Find out more about how the Social Science BA course is structured, what you can study and how you’ll be assessed.
How long is the course?
The total length of the course is four years. The course is broken up into two parts.
The first year of study will act as a foundation year. All foundation years all classed as level 0. This means that you’ll spend the year being introduced to key concepts and ideas within social sciences. Social Sciences cover areas including Education, Sociology and Social Policy, Politics and International Studies and Law. The first year will also equip you with the skills you’ll need to study at undergraduate level. Once you have completed your first year and successfully passed the assessments then you’ll move onto the second section of the course.
The second part lasts three years as you’ll now be studying for an undergraduate degree in a specific area. You’ll progress from level one to three during this period (each level equals one year of full-time study). Once you’ve studied for three years and passed the assessments you will graduate.
How much does the course cost and is there any funding available?
You can find out about the course fees on our course page. If you have the talent and drive, we want you to be able to study with us, whatever your financial circumstances. There is help for students in the form of loans and non-repayable grants from the University and from the government. Find out more in our Undergraduate funding overview.
How much time am I expected to study?
There is no exact amount of time that students are expected to study. However, it is sometimes suggested that an undergraduate degree should be treated like a full-time job. So that 8 hours are spent studying for 5 days a week. This will vary at different times of the year where there are assessment deadlines and seminar preparation. It will also depend upon the individual too. So this is just a rough guideline.
What do I need to buy to be able to study the course?
The University offers a range of tools and resources to enable you to pursue your studies.
A lot of the core reading will be available to borrow from libraries on campus, some texts are even online which you can access at any time.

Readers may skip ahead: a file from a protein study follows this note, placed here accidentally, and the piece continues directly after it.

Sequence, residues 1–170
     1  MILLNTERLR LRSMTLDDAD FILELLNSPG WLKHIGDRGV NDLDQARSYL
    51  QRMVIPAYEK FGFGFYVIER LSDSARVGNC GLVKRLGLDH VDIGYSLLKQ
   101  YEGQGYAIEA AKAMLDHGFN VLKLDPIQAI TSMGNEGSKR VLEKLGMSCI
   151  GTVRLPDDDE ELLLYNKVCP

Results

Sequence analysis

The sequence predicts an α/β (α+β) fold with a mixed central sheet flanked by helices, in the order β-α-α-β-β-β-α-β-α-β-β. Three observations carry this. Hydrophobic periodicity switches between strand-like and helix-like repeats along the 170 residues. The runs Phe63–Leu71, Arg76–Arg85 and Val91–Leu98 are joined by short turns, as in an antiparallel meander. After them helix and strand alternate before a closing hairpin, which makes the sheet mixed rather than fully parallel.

You can also access computers across campus, with many being located in computer clusters within libraries.
What will I study on the course?
You can view the full course listing with module information on the BA Social Science course page.
What degrees can I progress onto?
There are around 20 degree topics you can progress onto after completeing your foundation year. Topics covering Law and Criminology, Education, Sociology and Social Policy, Politics and International Studies, Healthcare and Professional Studies. Depnding on which degree you select you will need to achieve a pass of between 40 and 70. Some options also require an interview. For a detailed list of approved degrees you could choose from visit the BA Social Science course page.
How is the course assessed?
In your first year, you’re likely to be assessed using traditional exams and essays as well as an assessed group presentation.
The way in which you are assessed for the remaining three years of study will depend on which undergraduate course you progress onto. There are a variety of assessment methods depending upon the modules you choose.
What is a dissertation?
Some courses will require you to undertake a dissertation which tends to be an independent research project. This is an extended project, usually consisting of 10,000 to 12,000 words.
You’ll receive guidance on the project and draw upon the academic skills you’ve learnt throughout your previous years to complete the project. You’ll also be assigned an academic member of staff who will be your dissertation mentor/supervisor who can offer guidance.
This is a great opportunity to utilise your skills and pursue research into a topic you are passionate about.
Is there an option to study part-time?
No, this course is full-time for four years.
Will I fit in as a mature student?
Our campus is very diverse with students of all ages, from a variety of backgrounds and a wide range of countries. If you are over the age of 21 then you are considered a mature student.
Do we get holidays or breaks?
Yes the university academic year is spilt into two semesters. There are three extended breaks at Christmas, Easter and Summer.
You can look at the university calendar for this academic year to get a better idea.
Teaching, whether this be lectures or seminars, are scheduled for weekdays only. However, depending on how you organise your time, you may wish to utilise your weekends for study, co-curricular activities or part-time work. Although it is important to remember to take a break too.
Is there accommodation that I can stay in?
There is a variety of university owned and privately owned accommodation, find out more about the types of accommodation on offer for first year students.
In their second, third and fourth years, many students move out of halls of residence and live in the surrounding areas of Hyde Park, Headingley, Burley and Woodhouse in shared houses.
Do I have to live in Leeds to be able to study this course?
You can apply for this course if you are a UK resident or EU citizen with UK Settled Status, so you don’t have to be from Leeds to apply.
If your application for the course is successful, you’ll need to live in Leeds, or in a commutable distance to Leeds, to be able to study during term time as this is a full-time course with face-to-face teaching.